Dem leaders pile on, press Ryan for DACA commitment

House Democratic leaders on Wednesday seemed ready to join Minority Leader Nancy PelosiNancy Patricia D'Alesandro PelosiDems unveil slate of measures to ratchet up pressure on Russia GOP looks to blunt Dems’ attacks on rising premiums Who will be the ‘bridge’ for the Democrats? MORE (D-Calif.) in withholding their support for a Senate budget deal without a firm pledge from Speaker Paul RyanPaul Davis RyanDems unveil slate of measures to ratchet up pressure on Russia National Dems make play in Ohio special election Trump vows to hold second meeting with Putin MORE (R-Wis.) to consider legislation protecting "Dreamers."

“What we’re looking for is a commitment,” Rep. Joseph Crowley (D-N.Y.), chairman of the House Democratic Caucus, said during a press briefing in the Capitol.

With a commanding majority, House Republicans can easily pass the budget package on their own “if they have a bill that’s reflective of their priorities,” Crowley said.

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“If they’re asking me to vote for it, it needs to be reflective of my priorities,” he added. “And as of yet — I haven’t seen the full deal — but they have yet to prove to me that they have all the ideals that I’m concerned about in this deal.”

Senate Majority Leader Mitch McConnellAddison (Mitch) Mitchell McConnellMcConnell spokesman on Putin visit: 'There is no invitation from Congress' Overnight Defense: Trump inviting Putin to DC | Senate to vote Monday on VA pick | Graham open to US-Russia military coordination in Syria Senate to vote Monday on Trump's VA nominee MORE (R-Ky.) and Senate Minority Leader Charles SchumerCharles (Chuck) Ellis SchumerDemocrats slam Trump for considering Putin’s ’absurd’ request to question Americans Judge Kavanaugh confounds the left This week: GOP mulls vote on ‘abolish ICE’ legislation MORE (D-N.Y.) on Wednesday finalized a sweeping budget agreement that seeks to end the need for short-term funding bills by raising spending caps on both defense and nondefense programs over the next two years.

The package includes a number of items demanded by Pelosi and the Democrats, including funding for the opioid crisis, natural disaster relief, veterans health-care facilities and medical research.

But Schumer has an additional sweetener: McConnell has promised floor action on legislation to protect Dreamers, immigrants eligible for the Deferred Action for Childhood Arrivals (DACA) program, an Obama-era initiative rescinded by President TrumpDonald John TrumpNFL freezes policy barring players from protesting during anthem McConnell spokesman on Putin visit: 'There is no invitation from Congress' Petition urges University of Virginia not to hire Marc Short MORE with a six-month delay in September.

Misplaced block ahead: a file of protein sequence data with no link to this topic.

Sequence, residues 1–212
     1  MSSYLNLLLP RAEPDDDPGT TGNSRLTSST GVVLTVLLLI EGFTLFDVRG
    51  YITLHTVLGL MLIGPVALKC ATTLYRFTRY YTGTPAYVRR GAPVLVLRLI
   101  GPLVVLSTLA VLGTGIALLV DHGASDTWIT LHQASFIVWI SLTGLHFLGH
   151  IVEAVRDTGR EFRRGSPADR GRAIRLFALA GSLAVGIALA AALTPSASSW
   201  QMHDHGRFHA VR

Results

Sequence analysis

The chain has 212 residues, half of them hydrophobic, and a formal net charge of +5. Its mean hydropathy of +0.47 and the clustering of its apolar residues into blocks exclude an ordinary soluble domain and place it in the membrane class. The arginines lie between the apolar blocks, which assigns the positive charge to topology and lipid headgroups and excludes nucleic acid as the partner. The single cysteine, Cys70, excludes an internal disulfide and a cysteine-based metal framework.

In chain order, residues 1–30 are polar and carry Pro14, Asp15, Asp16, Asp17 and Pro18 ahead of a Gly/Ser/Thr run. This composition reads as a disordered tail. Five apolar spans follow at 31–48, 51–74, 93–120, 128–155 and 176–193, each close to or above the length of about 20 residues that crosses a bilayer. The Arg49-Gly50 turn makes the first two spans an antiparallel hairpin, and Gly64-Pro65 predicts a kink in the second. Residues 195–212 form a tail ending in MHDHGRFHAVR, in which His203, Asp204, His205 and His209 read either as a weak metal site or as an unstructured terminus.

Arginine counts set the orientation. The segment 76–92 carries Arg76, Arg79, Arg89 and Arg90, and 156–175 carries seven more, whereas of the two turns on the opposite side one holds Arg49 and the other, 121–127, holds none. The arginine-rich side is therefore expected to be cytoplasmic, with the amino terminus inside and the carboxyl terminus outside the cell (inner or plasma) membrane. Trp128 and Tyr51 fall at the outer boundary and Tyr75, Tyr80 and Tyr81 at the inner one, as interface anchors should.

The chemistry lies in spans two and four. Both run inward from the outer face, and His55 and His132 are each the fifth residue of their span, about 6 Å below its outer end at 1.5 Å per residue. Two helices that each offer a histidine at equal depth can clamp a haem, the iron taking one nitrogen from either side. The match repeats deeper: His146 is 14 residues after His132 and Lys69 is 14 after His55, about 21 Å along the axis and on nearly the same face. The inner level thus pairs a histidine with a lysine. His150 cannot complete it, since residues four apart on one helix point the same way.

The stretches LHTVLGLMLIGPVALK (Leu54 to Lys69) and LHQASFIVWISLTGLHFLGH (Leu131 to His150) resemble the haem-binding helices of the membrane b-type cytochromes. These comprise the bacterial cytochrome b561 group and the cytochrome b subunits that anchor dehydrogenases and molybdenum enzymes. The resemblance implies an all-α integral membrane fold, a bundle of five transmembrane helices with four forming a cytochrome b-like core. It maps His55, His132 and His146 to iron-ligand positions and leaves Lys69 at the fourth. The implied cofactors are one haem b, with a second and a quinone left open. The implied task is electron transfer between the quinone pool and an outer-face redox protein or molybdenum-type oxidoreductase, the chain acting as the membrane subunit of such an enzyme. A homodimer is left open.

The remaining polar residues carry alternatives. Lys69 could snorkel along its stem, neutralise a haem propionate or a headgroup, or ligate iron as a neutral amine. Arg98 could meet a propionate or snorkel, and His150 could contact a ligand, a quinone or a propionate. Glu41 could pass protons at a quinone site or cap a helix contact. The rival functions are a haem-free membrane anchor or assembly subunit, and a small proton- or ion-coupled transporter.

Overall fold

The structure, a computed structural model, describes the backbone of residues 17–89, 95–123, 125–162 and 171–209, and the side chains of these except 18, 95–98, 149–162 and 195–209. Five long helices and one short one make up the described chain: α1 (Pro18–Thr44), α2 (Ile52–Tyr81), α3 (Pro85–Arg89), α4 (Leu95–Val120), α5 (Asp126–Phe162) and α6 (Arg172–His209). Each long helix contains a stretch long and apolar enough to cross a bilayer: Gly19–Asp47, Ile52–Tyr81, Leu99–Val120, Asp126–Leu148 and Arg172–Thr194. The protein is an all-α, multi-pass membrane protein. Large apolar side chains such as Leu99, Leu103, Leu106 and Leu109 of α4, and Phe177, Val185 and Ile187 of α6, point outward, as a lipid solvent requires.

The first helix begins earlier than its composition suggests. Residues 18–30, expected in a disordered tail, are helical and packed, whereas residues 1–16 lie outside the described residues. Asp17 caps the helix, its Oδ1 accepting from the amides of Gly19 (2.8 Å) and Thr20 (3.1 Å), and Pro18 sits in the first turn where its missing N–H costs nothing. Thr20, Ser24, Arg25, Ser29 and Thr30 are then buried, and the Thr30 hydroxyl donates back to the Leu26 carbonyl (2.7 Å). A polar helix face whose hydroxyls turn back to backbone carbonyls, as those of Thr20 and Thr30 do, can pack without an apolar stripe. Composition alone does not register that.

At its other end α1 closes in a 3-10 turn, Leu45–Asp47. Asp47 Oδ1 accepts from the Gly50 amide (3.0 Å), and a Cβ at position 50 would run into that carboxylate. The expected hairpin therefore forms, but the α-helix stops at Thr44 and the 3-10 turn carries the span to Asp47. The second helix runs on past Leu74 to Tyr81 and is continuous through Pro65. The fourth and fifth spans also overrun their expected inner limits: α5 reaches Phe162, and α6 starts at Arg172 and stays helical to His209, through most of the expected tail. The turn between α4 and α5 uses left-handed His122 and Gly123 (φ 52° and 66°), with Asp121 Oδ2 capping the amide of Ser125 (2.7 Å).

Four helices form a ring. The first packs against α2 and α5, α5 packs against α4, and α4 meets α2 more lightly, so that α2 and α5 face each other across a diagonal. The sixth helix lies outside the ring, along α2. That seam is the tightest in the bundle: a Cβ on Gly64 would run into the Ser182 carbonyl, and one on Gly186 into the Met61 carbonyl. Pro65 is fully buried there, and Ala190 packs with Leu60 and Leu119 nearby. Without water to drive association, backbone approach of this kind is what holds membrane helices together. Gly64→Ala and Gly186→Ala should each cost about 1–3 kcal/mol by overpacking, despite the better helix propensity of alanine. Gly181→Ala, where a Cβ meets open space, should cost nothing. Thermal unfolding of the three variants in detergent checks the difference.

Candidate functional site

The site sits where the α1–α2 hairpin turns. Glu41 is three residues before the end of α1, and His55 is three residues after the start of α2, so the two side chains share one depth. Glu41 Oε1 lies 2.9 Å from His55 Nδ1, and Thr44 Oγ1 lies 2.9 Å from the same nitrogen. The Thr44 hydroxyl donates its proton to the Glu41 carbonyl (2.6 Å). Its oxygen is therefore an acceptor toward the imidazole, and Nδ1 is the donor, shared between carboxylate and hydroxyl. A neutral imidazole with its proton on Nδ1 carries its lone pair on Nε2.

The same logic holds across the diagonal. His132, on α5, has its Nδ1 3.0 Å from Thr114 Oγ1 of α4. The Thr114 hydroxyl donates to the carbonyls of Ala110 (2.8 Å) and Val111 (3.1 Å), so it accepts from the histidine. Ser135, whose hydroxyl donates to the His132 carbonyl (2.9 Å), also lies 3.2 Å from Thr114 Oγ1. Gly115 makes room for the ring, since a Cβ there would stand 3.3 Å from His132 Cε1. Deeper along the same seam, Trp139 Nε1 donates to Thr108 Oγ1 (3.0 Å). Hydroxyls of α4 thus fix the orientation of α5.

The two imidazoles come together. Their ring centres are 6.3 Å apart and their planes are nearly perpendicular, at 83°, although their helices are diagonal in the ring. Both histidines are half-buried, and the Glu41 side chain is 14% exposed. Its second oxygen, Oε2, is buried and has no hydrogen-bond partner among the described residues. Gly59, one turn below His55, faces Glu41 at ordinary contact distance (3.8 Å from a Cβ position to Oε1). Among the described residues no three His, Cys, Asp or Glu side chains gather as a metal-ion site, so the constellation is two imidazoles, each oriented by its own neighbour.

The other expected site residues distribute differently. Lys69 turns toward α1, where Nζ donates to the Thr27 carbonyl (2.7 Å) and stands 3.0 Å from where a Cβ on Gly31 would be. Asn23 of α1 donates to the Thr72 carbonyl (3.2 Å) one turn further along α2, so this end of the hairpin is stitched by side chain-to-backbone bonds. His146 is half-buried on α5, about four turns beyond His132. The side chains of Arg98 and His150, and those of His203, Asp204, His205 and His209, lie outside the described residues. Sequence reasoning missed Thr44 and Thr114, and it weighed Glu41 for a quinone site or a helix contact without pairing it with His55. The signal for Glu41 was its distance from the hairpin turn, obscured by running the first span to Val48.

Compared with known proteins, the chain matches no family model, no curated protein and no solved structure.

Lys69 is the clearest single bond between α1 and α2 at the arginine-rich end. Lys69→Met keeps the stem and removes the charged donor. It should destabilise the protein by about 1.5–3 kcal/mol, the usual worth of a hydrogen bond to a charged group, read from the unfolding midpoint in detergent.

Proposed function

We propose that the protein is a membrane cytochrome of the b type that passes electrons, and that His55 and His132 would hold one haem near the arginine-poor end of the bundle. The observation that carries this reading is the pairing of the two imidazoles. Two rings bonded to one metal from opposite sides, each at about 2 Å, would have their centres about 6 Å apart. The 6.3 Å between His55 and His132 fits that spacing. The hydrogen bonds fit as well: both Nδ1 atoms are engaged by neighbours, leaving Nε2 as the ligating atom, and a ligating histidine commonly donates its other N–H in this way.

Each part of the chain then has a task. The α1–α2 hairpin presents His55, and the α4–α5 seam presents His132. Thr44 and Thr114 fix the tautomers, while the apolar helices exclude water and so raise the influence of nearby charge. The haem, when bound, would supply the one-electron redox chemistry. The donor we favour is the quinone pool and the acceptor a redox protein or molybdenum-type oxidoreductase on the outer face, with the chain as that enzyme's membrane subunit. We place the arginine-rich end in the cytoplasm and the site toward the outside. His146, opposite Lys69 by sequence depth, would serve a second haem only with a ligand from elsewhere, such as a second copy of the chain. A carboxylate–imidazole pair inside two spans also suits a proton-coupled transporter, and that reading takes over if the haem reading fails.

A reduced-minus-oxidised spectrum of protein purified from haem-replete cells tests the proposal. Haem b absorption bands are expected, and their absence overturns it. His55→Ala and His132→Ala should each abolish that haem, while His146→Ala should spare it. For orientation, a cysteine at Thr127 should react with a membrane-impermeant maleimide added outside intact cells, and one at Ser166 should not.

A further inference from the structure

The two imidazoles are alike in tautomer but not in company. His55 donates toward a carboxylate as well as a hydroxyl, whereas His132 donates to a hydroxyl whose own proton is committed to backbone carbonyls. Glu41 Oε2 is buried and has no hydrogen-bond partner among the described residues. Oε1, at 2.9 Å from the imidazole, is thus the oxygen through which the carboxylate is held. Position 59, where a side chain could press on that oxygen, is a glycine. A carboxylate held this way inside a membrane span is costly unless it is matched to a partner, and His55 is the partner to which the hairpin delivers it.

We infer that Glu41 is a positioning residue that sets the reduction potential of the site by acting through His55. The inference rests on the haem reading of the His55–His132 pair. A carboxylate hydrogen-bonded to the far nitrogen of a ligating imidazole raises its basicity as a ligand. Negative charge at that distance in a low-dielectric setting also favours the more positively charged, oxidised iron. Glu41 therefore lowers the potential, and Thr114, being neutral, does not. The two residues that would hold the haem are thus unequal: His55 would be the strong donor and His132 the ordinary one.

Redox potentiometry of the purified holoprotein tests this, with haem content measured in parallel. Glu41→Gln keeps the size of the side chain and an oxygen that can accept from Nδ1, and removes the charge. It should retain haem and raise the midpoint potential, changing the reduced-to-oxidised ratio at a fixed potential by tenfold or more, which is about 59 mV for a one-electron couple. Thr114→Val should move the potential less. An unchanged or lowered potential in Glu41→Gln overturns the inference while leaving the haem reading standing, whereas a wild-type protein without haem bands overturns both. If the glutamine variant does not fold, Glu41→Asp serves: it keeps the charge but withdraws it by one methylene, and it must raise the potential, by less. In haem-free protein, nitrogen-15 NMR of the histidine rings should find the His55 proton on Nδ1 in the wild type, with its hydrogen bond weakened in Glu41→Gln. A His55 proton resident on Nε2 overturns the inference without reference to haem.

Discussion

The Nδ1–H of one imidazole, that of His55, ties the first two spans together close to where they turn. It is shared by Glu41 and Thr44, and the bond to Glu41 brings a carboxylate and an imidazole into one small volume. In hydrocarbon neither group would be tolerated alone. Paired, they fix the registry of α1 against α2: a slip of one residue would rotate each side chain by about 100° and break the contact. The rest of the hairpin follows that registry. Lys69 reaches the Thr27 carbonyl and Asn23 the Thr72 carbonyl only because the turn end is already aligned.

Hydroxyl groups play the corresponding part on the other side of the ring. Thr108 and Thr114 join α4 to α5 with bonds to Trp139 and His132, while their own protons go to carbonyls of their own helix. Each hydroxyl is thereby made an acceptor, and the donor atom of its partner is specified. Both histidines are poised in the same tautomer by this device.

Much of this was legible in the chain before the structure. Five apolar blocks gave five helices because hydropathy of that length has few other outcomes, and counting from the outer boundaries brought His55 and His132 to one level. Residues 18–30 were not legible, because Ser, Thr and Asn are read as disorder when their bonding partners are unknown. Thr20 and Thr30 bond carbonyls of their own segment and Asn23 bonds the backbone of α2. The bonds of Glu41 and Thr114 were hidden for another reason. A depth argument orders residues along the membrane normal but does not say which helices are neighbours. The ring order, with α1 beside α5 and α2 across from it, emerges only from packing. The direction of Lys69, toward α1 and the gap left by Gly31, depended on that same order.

Ryan hasn’t gone so far, saying he wants to act on a DACA fix but won’t consider any legislation not supported by the president — a difficult standard to gauge since Trump has repeatedly wavered in delivering his DACA demands.

In response, Pelosi took to the House floor Wednesday morning just after 10 a.m., launching a marathon monologue designed to force Ryan’s hand. She was still speaking as of 4 p.m.

Ryan, though, gave no signals he’s ready to budge.

“Speaker Ryan has already repeatedly stated we intend to do a DACA and immigration reform bill — one that the president supports,” Ryan spokeswoman AshLee Strong said Wednesday.

Crowley did not say how many Democrats in the 193-member Caucus would hinge their budget vote on the immigration issue, but he suggested the number would be considerable.

Overwhelming opposition from the Democrats could prove significant since dozens of conservative Republicans are expected to oppose the Senate’s budget package, likely forcing Ryan to reach across the aisle for Democratic support.

“I think many, if not all of us — I don’t want to speak for every person — look at ... the issue of DACA and immigration and how we treat immigrants in this country as the civil rights issue of the day,” Crowley said.

“That’s how strong this is for all of us in our caucus.”

Rep. Linda Sánchez (D-Calif.), vice chairwoman of the Democratic Caucus, piled on.

“The sole impediment to getting anything done on immigration has been the Republican leadership in the House,” she said.

“We are simply asking for a vote; that’s all we’ve ever asked for.”